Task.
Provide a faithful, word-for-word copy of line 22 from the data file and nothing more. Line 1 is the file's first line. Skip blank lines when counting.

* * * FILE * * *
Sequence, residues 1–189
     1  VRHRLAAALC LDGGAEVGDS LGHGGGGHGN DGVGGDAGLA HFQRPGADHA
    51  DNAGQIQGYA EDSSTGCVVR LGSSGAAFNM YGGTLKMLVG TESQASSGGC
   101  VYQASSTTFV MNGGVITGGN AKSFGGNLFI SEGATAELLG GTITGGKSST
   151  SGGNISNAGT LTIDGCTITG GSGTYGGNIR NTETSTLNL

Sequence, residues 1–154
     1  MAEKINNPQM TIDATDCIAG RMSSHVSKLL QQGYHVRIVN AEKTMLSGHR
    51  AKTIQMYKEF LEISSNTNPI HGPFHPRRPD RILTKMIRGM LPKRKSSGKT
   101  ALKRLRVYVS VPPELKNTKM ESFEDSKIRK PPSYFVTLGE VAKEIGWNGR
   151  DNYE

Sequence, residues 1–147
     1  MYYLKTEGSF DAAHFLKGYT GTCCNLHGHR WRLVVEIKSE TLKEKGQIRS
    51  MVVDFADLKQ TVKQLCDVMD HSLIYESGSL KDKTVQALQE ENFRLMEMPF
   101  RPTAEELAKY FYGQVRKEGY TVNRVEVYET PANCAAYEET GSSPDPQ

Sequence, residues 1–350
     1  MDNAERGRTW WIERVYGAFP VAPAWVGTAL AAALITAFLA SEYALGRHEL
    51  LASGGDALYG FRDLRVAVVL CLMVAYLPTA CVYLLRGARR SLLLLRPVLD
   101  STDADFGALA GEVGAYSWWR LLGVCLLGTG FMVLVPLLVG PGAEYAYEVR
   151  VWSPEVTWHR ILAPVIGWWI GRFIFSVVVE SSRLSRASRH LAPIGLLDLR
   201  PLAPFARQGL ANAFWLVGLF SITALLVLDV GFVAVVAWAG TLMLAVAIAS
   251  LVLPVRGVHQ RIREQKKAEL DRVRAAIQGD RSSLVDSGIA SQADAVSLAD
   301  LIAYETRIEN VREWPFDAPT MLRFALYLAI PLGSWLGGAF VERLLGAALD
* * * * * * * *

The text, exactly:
   301  LIAYETRIEN VREWPFDAPT MLRFALYLAI PLGSWLGGAF VERLLGAALD